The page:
A highly sophisticated phishing scam is targeting Gmail users and it’s so convincing, it has even duped technical users.
The way the phishing technique works, according to the CEO of Wordfence which provides security to WordPress websites, the attackers will send an email to a Gmail account that appears to come from someone a user knows, along with an attachment that may be recognizable from the sender.
Once the user clicks on the image, instead of giving a preview of the attachment, it opens up a new tab to sign into Gmail, which looks just like the real thing.
As soon as the user signs in, the account is compromised and the hackers will then go through the user’s emails, and send emails from the hacked user’s account to people on their contact list using an actual attachment the user has used before to dupe the next round of users.
In one reported example, a student was targeted, and hackers generated an attachment with an athletic team practice schedule with an actual subject line the user has used before and sent emails to the student’s contact list to gain access to those users’ accounts.
To protect yourself from this scam, before you sign in, always make sure to check the browser location bar to make sure you’re signing into the correct website. The URL should have nothing else except for https:// and the lock symbol next to it. In the phishing scam, there is extra text before the full URL. (See photo gallery above).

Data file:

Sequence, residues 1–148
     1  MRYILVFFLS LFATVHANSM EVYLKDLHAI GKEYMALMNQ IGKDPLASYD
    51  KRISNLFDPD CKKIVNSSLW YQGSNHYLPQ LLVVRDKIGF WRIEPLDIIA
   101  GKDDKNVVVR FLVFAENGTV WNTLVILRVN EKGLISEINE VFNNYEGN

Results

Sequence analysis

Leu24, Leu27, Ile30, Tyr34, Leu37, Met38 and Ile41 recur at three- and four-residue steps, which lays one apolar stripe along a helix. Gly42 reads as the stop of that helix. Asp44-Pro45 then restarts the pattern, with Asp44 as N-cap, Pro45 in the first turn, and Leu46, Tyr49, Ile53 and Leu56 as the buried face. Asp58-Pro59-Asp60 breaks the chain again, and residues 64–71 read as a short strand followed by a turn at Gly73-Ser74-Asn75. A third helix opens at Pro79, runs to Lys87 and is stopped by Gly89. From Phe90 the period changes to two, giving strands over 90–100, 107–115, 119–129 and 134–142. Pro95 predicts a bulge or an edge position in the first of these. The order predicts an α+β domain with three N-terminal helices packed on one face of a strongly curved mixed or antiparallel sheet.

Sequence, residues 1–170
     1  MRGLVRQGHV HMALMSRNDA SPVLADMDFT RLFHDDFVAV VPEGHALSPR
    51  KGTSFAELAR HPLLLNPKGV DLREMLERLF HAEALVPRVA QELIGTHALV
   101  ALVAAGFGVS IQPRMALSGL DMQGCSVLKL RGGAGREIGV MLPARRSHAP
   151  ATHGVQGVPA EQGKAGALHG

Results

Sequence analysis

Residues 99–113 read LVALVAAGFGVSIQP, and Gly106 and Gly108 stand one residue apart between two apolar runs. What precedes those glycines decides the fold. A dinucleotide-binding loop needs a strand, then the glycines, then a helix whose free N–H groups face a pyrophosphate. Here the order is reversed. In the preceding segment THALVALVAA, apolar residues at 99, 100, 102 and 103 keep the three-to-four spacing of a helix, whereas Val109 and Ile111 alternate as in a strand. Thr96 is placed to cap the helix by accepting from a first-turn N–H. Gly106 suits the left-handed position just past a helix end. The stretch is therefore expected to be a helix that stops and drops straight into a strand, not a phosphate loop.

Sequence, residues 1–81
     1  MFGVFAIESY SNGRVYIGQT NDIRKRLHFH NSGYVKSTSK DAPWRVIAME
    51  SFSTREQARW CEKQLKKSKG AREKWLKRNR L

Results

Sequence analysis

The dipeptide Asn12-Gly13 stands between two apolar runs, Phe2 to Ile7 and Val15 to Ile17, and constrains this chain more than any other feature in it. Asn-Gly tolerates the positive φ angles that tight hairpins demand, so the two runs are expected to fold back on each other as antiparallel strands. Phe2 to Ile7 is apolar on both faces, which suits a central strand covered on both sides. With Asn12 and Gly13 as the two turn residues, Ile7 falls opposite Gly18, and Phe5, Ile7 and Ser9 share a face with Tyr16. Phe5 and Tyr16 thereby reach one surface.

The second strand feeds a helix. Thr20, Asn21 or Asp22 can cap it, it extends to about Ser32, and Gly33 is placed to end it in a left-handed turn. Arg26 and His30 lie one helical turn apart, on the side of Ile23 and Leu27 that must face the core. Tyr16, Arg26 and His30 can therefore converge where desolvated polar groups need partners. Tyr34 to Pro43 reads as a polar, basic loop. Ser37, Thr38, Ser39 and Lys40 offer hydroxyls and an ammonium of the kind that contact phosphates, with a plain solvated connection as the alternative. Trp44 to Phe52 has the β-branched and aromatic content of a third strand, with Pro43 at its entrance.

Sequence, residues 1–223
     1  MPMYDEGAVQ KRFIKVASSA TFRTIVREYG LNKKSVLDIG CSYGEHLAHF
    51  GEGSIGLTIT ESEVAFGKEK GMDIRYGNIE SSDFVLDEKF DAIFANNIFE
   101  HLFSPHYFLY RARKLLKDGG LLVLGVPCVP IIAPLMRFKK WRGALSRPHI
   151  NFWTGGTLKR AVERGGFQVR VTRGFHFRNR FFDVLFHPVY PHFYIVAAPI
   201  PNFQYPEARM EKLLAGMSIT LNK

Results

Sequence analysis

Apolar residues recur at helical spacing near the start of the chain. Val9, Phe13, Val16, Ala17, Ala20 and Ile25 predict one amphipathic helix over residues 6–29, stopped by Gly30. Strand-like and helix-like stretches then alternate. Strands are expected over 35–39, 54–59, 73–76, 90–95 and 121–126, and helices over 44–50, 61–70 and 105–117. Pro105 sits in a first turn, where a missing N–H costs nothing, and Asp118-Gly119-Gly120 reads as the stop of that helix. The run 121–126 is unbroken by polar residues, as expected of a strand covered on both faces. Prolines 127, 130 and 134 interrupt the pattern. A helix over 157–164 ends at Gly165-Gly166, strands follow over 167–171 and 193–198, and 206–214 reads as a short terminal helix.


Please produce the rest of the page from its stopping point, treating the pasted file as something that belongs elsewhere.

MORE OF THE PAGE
Google is aware of the phishing scam and has issued a statement to Wordfence:
“We’re aware of this issue and continue to strengthen our defenses against it. We help protect users from phishing attacks in a variety of ways, including: machine learning based detection of phishing messages, Safe Browsing warnings that notify users of dangerous links in emails and browsers, preventing suspicious account sign-ins, and more. Users can also activate two-step verification for additional account protection.”